In postindustrial societies, people with higher incomes have the resources to purchase more expensive low-fat or dieting products to attempt to control their weight, as well as to enroll in sometimes costly weight control classes and programs. Energy expenditure is generally inversely associated with income at work because most higher paying professions require less caloric activity on the job than the manual, physical labor of many low paying jobs. However, those with higher incomes are more likely to have the resources to afford living in low crime neighborhoods where they can safely participate in outdoor recreational activities. Higher income individuals also can afford to pay for recreational exercise equipment, classes, coaching, travel, etc. Overall, income is a powerful predictor of body weight levels and obesity. In postindustrial societies, higher income women in particular are thinner and less likely to be obese.
Income provides many resources that permit people to avoid or overcome obesity, and needs to be considered in examining patterns of obesity and interventions to prevent or reduce obesity. Education Education is usually seen as the amount of formal schooling that a person has experienced. Education provides knowledge about eating, nutrition, activity, health, and weight that is used in assessing food and activity choices and in managing body weight. Education also socializes people into the dominant norms of society about fatness and thinness, providing them with motivations as well as skills to conform to cultural weight expectations. In developing societies men and women with the most education tend to be heavier than their peers, although often not fat by the standards of developed societies (10). In postindustrial societies and groups, people with the highest levels of education are least likely to be obese (6).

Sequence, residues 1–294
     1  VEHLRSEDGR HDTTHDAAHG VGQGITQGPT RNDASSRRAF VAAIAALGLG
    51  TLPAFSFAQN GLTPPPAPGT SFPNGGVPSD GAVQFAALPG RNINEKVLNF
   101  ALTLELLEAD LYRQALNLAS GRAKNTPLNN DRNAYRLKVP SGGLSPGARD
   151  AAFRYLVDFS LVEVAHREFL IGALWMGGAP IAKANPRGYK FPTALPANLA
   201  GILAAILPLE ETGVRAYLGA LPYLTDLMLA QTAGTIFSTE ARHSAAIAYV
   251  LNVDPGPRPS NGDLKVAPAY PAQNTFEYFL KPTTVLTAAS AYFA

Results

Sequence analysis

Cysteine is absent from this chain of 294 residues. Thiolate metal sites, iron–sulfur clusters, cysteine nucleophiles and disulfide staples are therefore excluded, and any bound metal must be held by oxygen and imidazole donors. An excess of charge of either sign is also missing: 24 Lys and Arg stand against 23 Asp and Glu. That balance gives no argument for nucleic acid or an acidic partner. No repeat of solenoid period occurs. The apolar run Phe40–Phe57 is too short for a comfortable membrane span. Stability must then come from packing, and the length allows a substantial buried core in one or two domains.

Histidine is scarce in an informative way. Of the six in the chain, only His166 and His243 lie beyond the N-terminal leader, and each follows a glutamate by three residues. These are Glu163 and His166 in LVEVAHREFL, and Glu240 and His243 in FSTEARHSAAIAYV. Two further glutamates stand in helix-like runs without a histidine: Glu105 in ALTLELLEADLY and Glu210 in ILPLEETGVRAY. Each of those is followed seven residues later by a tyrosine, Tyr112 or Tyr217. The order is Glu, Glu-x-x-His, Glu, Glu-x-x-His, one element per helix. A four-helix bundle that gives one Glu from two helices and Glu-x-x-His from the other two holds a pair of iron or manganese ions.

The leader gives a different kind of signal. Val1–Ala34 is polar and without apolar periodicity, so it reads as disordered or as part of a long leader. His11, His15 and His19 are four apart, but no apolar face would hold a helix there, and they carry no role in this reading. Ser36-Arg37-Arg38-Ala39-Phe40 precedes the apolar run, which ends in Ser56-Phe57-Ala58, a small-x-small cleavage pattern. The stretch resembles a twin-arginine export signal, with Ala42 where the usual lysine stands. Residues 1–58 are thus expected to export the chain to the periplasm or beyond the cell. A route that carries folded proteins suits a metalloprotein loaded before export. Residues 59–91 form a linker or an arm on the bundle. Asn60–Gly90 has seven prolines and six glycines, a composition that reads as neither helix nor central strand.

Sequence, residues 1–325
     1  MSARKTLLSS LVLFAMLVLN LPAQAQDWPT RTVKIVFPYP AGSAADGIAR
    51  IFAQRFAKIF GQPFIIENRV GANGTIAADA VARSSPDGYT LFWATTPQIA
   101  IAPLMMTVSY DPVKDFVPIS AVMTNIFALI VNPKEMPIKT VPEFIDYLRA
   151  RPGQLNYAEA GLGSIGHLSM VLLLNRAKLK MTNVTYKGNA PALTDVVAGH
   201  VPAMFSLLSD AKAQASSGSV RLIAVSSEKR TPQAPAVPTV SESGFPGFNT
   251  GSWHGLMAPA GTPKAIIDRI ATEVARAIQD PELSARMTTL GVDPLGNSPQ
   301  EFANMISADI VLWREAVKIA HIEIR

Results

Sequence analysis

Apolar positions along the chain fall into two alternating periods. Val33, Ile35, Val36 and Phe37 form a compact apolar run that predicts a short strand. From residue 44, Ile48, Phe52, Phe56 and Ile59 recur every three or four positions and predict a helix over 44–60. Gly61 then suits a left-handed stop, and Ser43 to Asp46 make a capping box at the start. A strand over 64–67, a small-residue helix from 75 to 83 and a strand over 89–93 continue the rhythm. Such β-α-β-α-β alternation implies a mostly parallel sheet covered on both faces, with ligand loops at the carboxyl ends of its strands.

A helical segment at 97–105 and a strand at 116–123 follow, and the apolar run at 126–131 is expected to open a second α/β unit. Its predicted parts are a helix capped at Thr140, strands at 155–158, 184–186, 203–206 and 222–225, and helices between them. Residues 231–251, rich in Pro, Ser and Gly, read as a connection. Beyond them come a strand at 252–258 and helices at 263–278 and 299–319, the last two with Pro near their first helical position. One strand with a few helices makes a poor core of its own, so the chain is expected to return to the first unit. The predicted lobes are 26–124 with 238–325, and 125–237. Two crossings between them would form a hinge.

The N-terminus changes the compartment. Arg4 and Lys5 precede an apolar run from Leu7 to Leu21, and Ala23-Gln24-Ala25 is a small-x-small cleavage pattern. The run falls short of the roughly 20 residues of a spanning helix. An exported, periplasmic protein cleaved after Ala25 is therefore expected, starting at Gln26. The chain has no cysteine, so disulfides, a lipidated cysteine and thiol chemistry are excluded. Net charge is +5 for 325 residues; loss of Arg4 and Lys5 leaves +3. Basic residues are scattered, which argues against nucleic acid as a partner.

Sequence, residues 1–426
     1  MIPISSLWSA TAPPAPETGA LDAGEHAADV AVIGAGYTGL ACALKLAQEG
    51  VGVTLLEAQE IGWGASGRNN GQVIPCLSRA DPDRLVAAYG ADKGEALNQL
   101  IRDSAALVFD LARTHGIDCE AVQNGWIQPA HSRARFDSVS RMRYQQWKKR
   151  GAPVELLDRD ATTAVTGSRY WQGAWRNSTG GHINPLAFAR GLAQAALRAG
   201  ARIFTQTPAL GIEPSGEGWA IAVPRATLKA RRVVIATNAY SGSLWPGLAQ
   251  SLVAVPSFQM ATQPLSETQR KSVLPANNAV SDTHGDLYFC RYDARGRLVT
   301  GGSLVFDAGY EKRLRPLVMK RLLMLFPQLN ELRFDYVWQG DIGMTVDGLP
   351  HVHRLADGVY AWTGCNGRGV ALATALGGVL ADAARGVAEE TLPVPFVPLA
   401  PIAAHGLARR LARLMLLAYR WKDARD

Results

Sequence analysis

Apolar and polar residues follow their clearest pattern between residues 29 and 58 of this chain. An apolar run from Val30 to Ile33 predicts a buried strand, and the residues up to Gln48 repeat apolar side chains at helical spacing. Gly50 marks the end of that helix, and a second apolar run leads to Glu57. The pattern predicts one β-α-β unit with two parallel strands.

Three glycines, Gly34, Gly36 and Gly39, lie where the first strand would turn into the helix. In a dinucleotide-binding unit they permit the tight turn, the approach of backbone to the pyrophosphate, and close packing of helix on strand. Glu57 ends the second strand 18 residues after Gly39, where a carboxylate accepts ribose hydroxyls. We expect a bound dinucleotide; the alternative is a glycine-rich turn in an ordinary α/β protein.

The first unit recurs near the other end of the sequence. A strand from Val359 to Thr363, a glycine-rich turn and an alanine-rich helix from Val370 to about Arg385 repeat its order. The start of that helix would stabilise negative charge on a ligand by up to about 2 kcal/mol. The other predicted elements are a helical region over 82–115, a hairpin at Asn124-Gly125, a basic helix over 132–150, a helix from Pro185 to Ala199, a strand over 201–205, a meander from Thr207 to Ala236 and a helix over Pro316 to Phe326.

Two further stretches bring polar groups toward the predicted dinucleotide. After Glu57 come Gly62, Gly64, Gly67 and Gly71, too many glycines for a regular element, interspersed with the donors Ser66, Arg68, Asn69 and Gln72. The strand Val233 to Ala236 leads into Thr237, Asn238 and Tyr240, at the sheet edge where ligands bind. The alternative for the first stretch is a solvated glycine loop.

The relationship between education and body weight appears to be bidirectional in postindustrial societies (1). People with lower education have less knowledge about nutrition, activity, and weight, and are more likely to become obese. Additionally, obese people are more likely to be discriminated against in acquiring greater education because they are excluded from admission to various educational opportunities (6). Energy intake is not clearly associated with education in postindustrial societies (1).
People with the lowest levels of education are more likely to eat higher fat foods and less likely to consume fruits and vegetables, but also may experience lower food intake. Energy expenditure is inversely associated with education (1). People who have the least education tend to have jobs that involve more manual labor and those with the most education have more mental and interaction al labor included in their daily work. Energy use in recreational activities is more frequent among those with higher education, who are more likely to participate in sports and exercise programs specifically to manage body weight. Overall, education is one of the strongest predictors of body weight and obesity in populations, with more highly educated people being thinner. The knowledge, thinking skills, and normative socialization acquired through education appear to be important in preventing gaining of body weight during adulthood, and dealing with weight gains that do occur.